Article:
Emily’s personal style is unique, tending towards more muted, natural colors. “I try to make them like little pieces of art, loose and whimsical,” she says. “You let it form before your eyes.” This year she’s excited to work with the new, interesting foliage and flowers of dried banksia plants, along with dried lavender from The Grey Barn in Chilmark.

Morrice Florist has everything you need to make your own wreath. Jeanna Shepard

If you’re more of a do it yourself kind of wreath-er, the Island has several options for you. Morrice Florist sells its own DIY wreath making kits, complete with base, wiring, botanicals and ribbons. They also plan to start posting wreath making tutorials for their customers on Instagram @morriceflorist.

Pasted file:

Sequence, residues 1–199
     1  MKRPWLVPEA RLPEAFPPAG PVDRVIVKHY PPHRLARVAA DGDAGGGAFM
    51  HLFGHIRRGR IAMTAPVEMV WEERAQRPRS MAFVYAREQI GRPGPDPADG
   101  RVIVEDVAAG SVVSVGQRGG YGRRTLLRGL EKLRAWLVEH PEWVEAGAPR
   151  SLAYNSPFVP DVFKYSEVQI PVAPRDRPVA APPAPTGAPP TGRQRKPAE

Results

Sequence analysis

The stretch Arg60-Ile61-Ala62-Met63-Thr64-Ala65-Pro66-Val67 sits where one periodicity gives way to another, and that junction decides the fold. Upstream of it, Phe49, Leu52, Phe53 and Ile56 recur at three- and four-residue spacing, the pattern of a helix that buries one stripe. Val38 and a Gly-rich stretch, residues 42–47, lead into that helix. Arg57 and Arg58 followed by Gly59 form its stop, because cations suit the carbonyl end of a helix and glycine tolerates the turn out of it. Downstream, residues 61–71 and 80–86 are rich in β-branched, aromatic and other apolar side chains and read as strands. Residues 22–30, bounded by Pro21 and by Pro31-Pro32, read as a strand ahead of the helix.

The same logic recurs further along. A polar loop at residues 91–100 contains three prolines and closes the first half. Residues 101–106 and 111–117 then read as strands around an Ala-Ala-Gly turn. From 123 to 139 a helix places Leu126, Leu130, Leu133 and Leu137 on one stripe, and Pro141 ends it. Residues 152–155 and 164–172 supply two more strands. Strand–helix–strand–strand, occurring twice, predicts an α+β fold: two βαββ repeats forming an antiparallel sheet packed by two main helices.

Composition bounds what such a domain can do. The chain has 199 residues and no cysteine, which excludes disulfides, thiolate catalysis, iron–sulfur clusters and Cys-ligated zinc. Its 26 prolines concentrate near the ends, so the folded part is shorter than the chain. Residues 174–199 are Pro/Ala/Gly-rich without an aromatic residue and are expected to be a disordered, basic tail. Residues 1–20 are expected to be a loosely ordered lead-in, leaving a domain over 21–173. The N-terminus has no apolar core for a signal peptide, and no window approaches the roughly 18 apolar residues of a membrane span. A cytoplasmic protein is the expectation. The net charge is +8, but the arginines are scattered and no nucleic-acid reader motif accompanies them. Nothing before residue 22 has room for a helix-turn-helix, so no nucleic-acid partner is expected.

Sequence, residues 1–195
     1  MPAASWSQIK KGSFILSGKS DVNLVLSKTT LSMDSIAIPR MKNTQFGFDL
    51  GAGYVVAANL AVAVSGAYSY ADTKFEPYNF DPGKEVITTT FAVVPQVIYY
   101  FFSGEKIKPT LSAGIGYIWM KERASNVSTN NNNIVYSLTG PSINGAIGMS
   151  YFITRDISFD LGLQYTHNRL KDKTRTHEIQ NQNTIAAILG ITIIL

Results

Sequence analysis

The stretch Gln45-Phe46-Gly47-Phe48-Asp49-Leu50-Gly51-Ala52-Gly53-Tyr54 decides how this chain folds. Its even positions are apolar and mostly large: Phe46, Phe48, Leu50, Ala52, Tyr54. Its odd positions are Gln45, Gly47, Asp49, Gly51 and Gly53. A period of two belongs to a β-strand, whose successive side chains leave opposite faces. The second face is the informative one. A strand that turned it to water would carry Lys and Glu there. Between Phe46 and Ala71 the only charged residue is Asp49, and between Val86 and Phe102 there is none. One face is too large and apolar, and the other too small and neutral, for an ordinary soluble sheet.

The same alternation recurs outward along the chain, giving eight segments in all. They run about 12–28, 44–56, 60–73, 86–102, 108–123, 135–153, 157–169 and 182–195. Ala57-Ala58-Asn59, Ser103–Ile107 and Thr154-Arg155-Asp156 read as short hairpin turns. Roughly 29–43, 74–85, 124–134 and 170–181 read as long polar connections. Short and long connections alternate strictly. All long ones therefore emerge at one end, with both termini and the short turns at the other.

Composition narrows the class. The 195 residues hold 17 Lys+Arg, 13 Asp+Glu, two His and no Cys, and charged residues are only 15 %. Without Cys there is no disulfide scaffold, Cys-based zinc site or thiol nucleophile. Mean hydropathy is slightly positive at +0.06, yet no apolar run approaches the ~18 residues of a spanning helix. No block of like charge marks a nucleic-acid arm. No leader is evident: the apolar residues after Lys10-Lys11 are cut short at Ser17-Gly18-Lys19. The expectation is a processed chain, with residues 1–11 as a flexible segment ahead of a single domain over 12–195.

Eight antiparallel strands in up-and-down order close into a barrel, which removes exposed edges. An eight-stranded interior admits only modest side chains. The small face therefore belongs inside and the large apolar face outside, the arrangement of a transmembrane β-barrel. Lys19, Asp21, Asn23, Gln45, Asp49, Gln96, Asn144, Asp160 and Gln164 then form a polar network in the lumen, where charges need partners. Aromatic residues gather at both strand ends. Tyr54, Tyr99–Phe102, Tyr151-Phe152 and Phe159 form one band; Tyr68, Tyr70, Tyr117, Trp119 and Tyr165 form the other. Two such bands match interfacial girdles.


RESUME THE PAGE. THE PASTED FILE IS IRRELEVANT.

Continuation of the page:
Felix Neck Wildlife Sanctuary’s annual Fall Festival (Friday, Nov. 25) offers another opportunity to make your own locally-sourced wreath. Their wreath bases are made from bittersweet, which has the added benefit of removing an invasive plant from Island ecosystems, says Felix Neck education manager Josey Kirkland. Along with bittersweet, volunteers collect pitch pinecones, American holly, cedar sprigs and scallop shells from Felix Neck’s forests and beaches, and members donate dried flowers from deadheading their gardens. “It’s so fun to see everybody’s creative ideas,” Josey says of the annual event, now in its 41st year.

There is also Donaroma’s annual wreath making workshop, usually held on one day during Christmas in Edgartown (Dec. 8-11 this year) and run by Mariko. Participants can make traditional grapevine wreaths or those made with the sphagnum moss base, or they can craft miniature Christmas trees made from boxwood cuttings. Some makers have been returning to the workshop for more than 25 years, Mariko says, not for the instruction but for the comraderie. “Tourists, natives and washashores all join in the pleasure and heartache of creating a finished project,” Mariko said. “There is a lot of goodness in wreath making.”

Thomas Humphrey is a reporter at the Vineyard Gazette.